Perth leads non-vaccination
Some of Perth’s richest suburbs have the lowest rates of vaccination.
The leafy riverside suburb of South Perth has the lowest number of fully vaccinated five-year-old children in WA, according to national childhood immunisation figures.
The Australian Institute of Health and Welfare has found 93 per cent of Australian five-year-olds were fully immunised in 2015-16, up from 90 per cent in 2011-12, but still the national target of 95 per cent.
For the first time, all 31 of Australia's Primary Health Network (PHN) areas have reached higher than 90 per cent.
The highest proportion of fully-immunised five-year-olds is in Western NSW and Murrumbidgee (NSW) at 96 per cent, while the lowest rates are in North Coast (NSW) (90 per cent), Perth North and Perth South (91 percent) and Gold Coast (91 per cent).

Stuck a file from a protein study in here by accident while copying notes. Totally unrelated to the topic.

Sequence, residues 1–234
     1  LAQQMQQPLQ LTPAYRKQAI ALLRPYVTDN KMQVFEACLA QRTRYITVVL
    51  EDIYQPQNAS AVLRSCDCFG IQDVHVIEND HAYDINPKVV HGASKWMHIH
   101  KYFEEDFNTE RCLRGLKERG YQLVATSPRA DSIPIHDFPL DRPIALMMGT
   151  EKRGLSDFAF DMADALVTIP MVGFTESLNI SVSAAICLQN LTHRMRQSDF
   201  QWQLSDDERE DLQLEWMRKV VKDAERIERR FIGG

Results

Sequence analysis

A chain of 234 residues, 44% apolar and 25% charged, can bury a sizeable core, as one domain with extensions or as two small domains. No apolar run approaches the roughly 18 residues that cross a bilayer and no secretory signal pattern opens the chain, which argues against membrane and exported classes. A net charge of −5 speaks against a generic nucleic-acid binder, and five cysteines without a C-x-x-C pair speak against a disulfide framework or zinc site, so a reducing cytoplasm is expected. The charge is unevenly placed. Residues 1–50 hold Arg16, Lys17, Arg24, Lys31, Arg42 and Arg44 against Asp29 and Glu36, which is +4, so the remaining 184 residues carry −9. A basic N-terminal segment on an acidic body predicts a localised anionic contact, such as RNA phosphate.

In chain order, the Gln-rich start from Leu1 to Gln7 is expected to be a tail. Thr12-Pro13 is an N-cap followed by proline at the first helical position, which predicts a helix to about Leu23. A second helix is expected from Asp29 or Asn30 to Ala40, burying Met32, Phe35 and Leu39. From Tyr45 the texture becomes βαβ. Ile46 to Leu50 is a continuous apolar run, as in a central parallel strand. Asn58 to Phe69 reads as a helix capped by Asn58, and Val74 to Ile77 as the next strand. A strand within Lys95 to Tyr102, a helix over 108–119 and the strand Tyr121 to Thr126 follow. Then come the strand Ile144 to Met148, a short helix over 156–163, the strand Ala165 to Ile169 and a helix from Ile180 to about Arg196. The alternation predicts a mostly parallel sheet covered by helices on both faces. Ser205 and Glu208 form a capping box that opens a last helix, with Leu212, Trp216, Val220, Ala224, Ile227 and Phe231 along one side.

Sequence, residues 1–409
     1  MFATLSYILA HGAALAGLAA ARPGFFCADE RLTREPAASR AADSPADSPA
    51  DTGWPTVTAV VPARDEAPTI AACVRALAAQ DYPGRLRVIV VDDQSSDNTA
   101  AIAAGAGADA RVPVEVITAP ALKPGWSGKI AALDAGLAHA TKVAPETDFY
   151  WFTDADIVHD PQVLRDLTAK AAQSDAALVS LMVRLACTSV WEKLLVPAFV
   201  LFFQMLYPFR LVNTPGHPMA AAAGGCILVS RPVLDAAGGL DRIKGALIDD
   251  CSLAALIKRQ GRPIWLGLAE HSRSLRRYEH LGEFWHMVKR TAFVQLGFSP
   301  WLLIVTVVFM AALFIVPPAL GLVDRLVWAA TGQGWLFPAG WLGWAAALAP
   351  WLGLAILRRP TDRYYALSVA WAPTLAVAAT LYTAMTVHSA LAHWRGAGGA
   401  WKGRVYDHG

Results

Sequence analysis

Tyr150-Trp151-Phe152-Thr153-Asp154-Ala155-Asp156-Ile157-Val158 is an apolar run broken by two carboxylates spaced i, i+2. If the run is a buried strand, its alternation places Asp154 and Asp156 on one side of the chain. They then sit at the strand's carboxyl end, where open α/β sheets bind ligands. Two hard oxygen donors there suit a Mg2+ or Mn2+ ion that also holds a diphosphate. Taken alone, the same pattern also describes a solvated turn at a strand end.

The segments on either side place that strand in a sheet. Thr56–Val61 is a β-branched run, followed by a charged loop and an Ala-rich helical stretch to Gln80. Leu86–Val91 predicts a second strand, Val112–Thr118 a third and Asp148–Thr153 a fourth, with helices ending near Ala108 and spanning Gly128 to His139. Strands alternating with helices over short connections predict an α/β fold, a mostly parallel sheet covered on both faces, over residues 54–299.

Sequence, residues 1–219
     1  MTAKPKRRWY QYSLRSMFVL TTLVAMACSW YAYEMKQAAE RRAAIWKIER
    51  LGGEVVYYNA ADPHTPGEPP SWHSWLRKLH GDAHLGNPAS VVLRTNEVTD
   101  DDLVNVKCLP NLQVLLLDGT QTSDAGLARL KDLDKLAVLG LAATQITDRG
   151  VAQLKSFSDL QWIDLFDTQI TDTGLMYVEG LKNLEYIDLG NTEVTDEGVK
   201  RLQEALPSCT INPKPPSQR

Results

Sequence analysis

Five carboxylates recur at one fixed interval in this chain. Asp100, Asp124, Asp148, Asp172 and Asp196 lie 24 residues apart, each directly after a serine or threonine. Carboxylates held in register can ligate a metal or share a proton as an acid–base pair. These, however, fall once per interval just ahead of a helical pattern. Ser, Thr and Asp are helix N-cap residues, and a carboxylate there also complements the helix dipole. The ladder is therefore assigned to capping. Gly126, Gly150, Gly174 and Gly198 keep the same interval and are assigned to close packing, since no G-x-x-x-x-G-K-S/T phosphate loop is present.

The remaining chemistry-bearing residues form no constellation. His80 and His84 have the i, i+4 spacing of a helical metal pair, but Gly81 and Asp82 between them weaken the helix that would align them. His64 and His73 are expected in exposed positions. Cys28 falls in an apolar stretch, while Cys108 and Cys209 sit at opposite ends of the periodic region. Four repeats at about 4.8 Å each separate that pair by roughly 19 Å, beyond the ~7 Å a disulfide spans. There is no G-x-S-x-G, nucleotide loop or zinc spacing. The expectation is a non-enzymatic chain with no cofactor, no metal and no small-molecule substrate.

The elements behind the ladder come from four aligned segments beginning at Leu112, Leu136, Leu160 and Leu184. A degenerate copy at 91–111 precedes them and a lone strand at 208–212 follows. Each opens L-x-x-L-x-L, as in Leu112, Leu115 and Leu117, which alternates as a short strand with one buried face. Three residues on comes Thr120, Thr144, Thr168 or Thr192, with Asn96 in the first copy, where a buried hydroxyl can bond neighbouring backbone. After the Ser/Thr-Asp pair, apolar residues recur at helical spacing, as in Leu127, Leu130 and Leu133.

The low rates in Perth are being driven by some particularly anti-vaccine post codes, with parts of Perth South managing only 80.6 per cent, followed by Subiaco, Shenton Park and Daglish with 82.4 per cent coverage and City Beach with 82.8 per cent.
“When looking at smaller areas, like postcode areas, we see much greater variation in immunisation rates, from a high of almost 100 per cent to a low of 71 per cent for fully-immunised five-year-olds,” says AIHW spokesman Michael Frost.
“Even though the majority of Australian kids are immunised, it’s important to maintain high immunisation rates to protect the community, including vulnerable groups such as babies who are too young to receive their vaccines.”
Australian Medical Association WA president Andrew Miller says there is some complacency in wealthier suburbs.
“There is a little bit of arrogance by wealth, with people in well-to-do areas thinking they are immune from diseases that happen in other countries,” he said.
“But as we’ve seen, it just takes one child to come from Bali with a disease.”